Preview: Joe’s Journal

(From the Introduction) Jobs, like races, have finish lines. These seldom come at exactly the time you expect or hope. But whatever the result, you accept it and move on because the only other option is to give up for good.

My job as a columnist for Runner’s World lasted much longer than I ever thought it would, 33 years in all. But I knew that it would end someday, and it did with a phone call during Christmas week 2003.

David Willey, the new editor, was charged by his bosses at parent company Rodale with redesigning Runner’s World. We can argue whether the choices were the right ones or not, but they came anyway.

He called me in December to say that my RW column had “run its course” and would breathe its last in the March 2004. This wasn’t simply an out-with-all-old step. The remaining columnists, Amby Burfoot and John Bingham, weren’t far behind me in age and were also long-timers with the magazine.

The new editor made me the same offer as the other columnists – notably Jeff Galloway, who accepted. That was to keep writing occasionally in other parts of the magazine, such as feature articles and how-to columns with multiple contributors. I declined, so the decision on my leaving was mutual.

I said no to the new role because I’d been trained and spoiled by columns, which are personal letters from writer to reader. That style isn’t a good fit outside the boundaries of the column.

I’d already submitted my last column. So the only chance to sign off was on the magazine’s website, where I wrote:

“From my RW finish line this is good-bye to you readers. I never took my page for granted and always felt honored to talk to so many of you this way. Thanks for lending me your eyes and thoughts, and for sometimes sharing your agreements and disagreements, through the past 250 straight months of columns. Keep running and reading.”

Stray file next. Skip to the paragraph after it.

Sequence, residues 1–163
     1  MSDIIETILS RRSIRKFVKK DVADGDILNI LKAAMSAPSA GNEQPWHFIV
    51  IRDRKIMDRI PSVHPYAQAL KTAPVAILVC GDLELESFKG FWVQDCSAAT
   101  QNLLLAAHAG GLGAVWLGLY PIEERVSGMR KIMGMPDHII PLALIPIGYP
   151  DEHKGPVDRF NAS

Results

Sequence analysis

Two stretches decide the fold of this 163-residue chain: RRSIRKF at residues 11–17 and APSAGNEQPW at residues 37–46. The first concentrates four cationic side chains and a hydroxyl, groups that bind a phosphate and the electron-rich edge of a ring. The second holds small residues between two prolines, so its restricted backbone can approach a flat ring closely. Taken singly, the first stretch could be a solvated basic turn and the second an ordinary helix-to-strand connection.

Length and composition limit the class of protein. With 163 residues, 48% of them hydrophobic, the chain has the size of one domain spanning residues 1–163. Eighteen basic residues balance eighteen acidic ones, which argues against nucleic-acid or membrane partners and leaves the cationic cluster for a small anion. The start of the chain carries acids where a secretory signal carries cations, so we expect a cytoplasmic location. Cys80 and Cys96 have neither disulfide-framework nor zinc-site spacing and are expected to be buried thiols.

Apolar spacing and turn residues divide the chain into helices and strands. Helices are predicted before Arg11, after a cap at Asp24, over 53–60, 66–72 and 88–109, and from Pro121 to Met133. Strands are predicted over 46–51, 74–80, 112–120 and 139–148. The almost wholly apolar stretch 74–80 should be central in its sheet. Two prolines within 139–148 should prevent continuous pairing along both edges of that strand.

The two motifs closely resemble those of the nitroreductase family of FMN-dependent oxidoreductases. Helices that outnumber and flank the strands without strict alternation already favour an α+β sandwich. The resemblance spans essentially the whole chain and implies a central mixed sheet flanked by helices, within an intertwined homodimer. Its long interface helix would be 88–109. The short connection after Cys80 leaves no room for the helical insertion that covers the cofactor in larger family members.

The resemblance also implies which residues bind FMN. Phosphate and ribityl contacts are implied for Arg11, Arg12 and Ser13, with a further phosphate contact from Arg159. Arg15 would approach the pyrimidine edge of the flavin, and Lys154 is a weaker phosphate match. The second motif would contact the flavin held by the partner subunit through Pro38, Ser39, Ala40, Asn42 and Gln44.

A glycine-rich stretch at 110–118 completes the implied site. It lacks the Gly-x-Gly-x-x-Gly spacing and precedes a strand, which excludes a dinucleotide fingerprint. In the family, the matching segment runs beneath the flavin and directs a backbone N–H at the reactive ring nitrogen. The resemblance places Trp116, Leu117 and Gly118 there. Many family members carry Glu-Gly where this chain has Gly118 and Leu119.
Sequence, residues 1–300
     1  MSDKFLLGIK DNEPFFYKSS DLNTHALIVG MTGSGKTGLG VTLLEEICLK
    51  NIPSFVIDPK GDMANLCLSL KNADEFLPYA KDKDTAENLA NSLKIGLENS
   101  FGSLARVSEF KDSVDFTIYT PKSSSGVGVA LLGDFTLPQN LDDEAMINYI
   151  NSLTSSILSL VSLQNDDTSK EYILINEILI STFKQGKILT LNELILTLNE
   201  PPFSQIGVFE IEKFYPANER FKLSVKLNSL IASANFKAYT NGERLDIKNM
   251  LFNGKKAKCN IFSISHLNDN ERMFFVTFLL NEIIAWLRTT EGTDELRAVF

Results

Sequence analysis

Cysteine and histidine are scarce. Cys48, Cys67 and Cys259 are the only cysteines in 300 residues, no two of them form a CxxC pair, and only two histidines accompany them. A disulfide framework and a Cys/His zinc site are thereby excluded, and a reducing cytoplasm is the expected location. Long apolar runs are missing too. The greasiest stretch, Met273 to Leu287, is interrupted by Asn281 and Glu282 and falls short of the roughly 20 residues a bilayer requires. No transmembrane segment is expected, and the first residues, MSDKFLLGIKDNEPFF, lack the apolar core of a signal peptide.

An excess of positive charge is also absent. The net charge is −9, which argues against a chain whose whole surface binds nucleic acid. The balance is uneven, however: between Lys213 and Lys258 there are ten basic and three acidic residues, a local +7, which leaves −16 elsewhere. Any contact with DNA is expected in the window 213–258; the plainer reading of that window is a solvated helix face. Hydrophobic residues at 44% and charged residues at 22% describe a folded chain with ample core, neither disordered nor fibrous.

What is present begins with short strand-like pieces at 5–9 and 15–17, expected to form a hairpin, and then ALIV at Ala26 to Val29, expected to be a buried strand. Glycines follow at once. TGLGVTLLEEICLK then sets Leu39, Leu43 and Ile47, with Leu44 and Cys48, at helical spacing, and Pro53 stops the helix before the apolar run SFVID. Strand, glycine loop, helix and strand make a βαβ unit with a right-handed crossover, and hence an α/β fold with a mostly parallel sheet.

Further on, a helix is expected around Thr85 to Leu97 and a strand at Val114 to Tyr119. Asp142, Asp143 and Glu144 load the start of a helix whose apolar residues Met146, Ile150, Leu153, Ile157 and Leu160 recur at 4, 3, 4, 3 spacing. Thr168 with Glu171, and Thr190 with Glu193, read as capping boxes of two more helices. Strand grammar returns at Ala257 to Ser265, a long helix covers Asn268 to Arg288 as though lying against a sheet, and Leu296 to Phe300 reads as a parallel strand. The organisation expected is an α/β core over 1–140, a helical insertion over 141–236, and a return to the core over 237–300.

The demise of my Runner’s World column didn’t come as a shock to me. It felt more like a lingering death in the family – sad when it finally came, to be sure, but also bringing some relief that the waiting for the inevitable was over.

I wasn’t long without a writing home. Marathon & Beyond magazine took me in. Rich Benyo and Jan Seeley, M&B’s editor and publisher, would hand me their “On the Road” column after current columnist Barry Lewis’s term expired in midyear.

This truly felt like a homecoming since it brought me back together with Rich. We’d never been too far apart since first meeting in 1977. On mutual friend Hal Higdon’s recommendation, Rich came for a job interview at Runner’s World. I helped hire him as my future replacement editor, where he served a term exactly the same length as mine had been.

When he bailed out at RW after seven hectic years, Rich became co-director of the Napa Valley Marathon. He invited me there as a speaker in the early 1990s and has kept the invitations coming ever since.

We worked longest and most closely (if 500 miles apart and by e-mail is “close”) on the biggest book either of us has written. We wouldn’t or couldn’t have done it alone, but together we produced the Running Encyclopedia. We know we team up well. Now, finally, we had the chance to do that again with a magazine.

I would enjoy just as much working with publisher Jan Seeley. We don’t have a Benyo-length connection, but still a long and good one. Jan served as an editor at Human Kinetics when I first hooked up with that Champaign, Illinois, company as an author in the mid-1990s.

Later Jan co-edited, with husband Joe Seeley, the RRCA magazine FootNotes during its very best years. Jan made me feel part of the M&B family even when I wasn’t. Our best “reunion’ came each summer at the Dick Beardsley Marathon Camp in Minnesota.

The move to Marathon & Beyond felt like a homecoming in another way. M&B reads like the old Runner’s World. My daughter Sarah reminded recently me how far today’s RW is from the earlier model. A co-worker of hers passed along two copies from 1976, which she read and then gave to me. Those magazines were more about running itself than about general fitness. The stories were longer and meatier, giving readers more credit for knowledge and experience.

Marathon & Beyond knows we had something good going then, and still honors it. I think of M&B as the New Yorker of running magazines, where Rich and Jan let the writers write in our own ways and at whatever length the subject requires. The writing is deeper and purer here than anywhere short of a book.

This book, borrowing the title “Joe’s Journal” from my current M&B column, collects my columns written between 2004 and 2011. During those seven years I passed my 50th anniversaries as both a runner and a writer on running.